What say you on Philosophy and Marketing Gilles Deleuze?
“Finally, the most shameful moment came when computer science, marketing, design, and advertising, all disciplines of communication, seized hold of the word concept itself and said: “This is our concern, we are the creative ones, we are the ideas men! We are the friends of the concept, we put it in our computers.” Information and creativity, concept and enterprise: there is already an abundant bibliography. Marketing has preserved the idea of a certain relationship between the concept and the event… The only events are exhibitions, and the only concepts are products that can be sold. Philosophy has not remained unaffected by the general movement that replaced Critique with sales promotion.”
Gilles Deleuze and Felix Guattari, What Is Philosophy? p.10
Creating concepts, a painstaking labor of philosophical invention, an expression of intensified yet drawn out attention on a deep problem, becomes the work of an ad-man looking to turn a profit. The cultivation of something new out of the old that is both an ode to the great ones of the past and a monument that goes beyond the narrow concern of mere Time is now a data entry point meant for as many eyes as can gaze upon it.
The consumption of the concepts is made increasingly more vociferous under the careful craft of the graphic designer, the copy writer, the editor, the marketer. We feast with our eyes on the spectacle of splendor created by the genius in the skyscraper. So in-tune with the act of invention is the artist of abstractions that he pulls the strings of the eager masses to the point of them following him along, following him ever more along his extra-terrestrial trail of joyful seduction. They never see him. He blends in ubiquitously with his minions of desire even while they follow him into his thoughts, always on the cusp of some clever production thanks to his conceptual clarity.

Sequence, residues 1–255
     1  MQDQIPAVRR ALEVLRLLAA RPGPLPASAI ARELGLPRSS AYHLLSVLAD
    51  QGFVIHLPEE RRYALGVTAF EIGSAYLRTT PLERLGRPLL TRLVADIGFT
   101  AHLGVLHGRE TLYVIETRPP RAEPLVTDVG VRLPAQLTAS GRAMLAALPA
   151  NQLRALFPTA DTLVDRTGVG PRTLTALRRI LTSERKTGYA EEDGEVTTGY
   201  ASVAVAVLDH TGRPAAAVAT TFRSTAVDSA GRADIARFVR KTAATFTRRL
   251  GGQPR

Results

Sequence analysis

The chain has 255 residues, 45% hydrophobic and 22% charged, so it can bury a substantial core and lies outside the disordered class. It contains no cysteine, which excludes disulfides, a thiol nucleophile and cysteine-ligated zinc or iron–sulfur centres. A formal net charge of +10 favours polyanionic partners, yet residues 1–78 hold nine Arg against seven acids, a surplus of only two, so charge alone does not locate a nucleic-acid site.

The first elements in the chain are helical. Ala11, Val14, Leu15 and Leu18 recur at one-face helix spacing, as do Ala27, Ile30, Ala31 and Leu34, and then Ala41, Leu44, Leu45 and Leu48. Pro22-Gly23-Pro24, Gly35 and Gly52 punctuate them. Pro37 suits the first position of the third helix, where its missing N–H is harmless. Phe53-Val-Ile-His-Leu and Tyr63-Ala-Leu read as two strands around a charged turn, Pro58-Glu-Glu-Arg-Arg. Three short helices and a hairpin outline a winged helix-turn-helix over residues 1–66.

Wearing no robe or crown, sitting in no house or court, the advertiser walks through the crowds just like his other fellow citizens doing their jobs. But they follow his thoughts more surely than any devout subject before them, reaching violently for that slice of heaven, that moment of bliss, before returning inward for the next go-around.
The mass is never one, the individual always initiates the pursuit of its object.
The mass is never one, it is divided into selfs with no use of conformity.
The mass is never one, our differences make us special.
The mass is never one, the horror at the potential for such destruction!
Going out on the streets, going out to the show, going out with a bang, but always going back in.
Self generation is the well spring of eternal creation: the Ad man has learned this well, even if not disciplined by an elder – especially without such discipline. The mind is a canvas on which to paint furious concepts – all of which are at one’s disposal. Gratitude flows rapidly into the mind, measured in shear stock. The mind is by turns championed and questioned repeatedly as a new project is always on the horizon. The work to be done, full of pride and determination; the warmth of the ownmost – I can always come back. The mind now a heart-beat.
The Advertiser shares the philosophical Illumination with you, in perfect communication.
You see? He’s not entirely selfish. Among them traversing, bestowing the gift of the concept in plain sight. But the mind keeps searching, wanting, demanding; and the advertiser provides more, forever more.
See? All you had to do was reach inside and pull it right out. No need for a fuss.
I grew up saturated with advertisements, then I found philosophy.
Then came Mad Men: a philosophical show about advertisers.
Now I write of philosophy and its assumption by advertising days before the season premiere.
Therefore I am advertising for free on my philosophy blog for a TV show about advertisers.
I have come back to advertising, as a philosopher against advertising.
Watching this will make it all better: http://en.wikipedia.org/wiki/Alphaville_(film) Get it on Netflix.